Educators and academics are working together to offer transitional counselling to help private school students’ transition to university.
The initiative follows the results of a Headmasters' and Headmistresses' Conference (HMC) survey revealing that just 38% of independent school students felt motivated to learn at university, compared to 44% of state school students.
The finding suggests that independent schools need better emotional and academic support for their students who are about to enrol into university.
Uppingham School principal, Richard Harman, told The Australian that academics and school leaders should collaborate to ease students’ transition to university, citing the anxieties associated with modern life.
“They have to live with predictions that they will be the first generation worse off than their parents. Anxiety and depression pay little attention to income or academic prowess,” Harman said.
“Our schools have already substantially increased our pastoral care over five years. School and college leavers do not magically turn into fully fledged adults the minute they step out of the classroom and into the lecture hall.”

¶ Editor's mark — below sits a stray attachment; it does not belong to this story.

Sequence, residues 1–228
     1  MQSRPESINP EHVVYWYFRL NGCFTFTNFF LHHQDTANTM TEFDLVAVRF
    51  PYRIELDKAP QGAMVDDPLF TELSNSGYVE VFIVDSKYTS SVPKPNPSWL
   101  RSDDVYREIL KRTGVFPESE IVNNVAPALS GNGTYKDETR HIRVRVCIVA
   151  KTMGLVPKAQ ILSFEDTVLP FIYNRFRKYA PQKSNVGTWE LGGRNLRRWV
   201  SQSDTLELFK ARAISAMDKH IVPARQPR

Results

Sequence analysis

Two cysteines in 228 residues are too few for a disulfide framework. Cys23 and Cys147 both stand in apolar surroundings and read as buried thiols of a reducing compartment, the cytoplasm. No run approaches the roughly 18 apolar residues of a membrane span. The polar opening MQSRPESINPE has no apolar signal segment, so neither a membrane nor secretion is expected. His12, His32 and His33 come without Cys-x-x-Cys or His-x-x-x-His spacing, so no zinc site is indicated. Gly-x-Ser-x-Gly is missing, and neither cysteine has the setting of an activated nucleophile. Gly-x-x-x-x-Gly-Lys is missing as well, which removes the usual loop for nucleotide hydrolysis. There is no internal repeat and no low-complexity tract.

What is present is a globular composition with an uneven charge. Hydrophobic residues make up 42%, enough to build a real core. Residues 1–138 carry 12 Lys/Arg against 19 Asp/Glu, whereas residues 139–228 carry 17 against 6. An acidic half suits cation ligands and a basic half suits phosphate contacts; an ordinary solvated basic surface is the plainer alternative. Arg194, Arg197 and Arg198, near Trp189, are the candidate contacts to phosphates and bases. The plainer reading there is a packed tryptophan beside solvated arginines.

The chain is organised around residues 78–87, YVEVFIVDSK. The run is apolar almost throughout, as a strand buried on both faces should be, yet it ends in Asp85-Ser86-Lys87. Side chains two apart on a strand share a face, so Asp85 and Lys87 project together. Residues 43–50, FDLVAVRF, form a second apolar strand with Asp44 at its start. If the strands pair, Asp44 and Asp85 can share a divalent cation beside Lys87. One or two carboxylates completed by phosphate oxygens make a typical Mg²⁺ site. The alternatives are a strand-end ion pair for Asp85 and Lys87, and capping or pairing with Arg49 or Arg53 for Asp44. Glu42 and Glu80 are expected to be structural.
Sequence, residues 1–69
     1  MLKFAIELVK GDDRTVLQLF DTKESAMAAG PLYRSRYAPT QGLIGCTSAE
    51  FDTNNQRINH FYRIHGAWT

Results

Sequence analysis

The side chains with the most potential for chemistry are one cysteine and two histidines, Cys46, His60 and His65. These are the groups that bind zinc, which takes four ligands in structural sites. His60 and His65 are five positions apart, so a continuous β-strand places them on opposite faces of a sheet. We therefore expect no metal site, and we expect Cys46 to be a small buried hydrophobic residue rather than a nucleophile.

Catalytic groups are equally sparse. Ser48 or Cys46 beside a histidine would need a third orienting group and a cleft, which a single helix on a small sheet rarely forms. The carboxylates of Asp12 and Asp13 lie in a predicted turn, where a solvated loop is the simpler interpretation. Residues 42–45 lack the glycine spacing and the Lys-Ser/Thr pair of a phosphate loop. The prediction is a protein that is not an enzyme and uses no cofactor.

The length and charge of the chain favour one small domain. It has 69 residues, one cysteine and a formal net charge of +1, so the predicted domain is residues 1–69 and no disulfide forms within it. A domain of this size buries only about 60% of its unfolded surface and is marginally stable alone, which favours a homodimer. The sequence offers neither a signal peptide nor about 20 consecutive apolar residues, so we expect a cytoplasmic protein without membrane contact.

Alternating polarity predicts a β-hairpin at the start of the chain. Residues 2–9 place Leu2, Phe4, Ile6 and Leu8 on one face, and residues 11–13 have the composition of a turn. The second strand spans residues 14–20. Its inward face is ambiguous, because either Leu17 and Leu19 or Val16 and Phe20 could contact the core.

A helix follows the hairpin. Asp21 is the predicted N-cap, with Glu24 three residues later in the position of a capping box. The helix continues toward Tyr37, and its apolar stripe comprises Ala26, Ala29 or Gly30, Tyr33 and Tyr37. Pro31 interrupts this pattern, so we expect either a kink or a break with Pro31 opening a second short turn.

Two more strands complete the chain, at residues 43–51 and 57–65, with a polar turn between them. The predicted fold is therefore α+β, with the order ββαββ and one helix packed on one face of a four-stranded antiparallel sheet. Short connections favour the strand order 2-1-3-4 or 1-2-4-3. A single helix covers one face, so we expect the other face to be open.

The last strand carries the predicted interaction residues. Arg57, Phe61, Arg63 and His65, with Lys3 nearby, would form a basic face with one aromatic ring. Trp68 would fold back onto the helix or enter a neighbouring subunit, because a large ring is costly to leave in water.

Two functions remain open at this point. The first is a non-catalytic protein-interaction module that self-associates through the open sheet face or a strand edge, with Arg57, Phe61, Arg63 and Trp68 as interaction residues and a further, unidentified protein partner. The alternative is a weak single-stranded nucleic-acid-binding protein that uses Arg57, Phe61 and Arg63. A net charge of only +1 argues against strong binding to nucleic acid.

Some independent schools are now working with academics to offer transitional counselling, drawing up initiatives to help students cope with the differences in qualifications, teaching and pastoral support between school and university.
Author and sociology professor at Kent University, Frank Furedi, told The Australian the same transitional counselling that exists for primary school students about to embark upon secondary schools cannot be applied to secondary students in their late teens.
“We now have the idea that 17, 18 or 19 year olds are biologically developed children. They go on gap years that are so well organised they become an predictable extension of school,” Furedi said.
“They have to make their own way and choose their own courses. I would blame a lot of independent schools. In many respects it’s the independent sector that led the way, creating the problem.”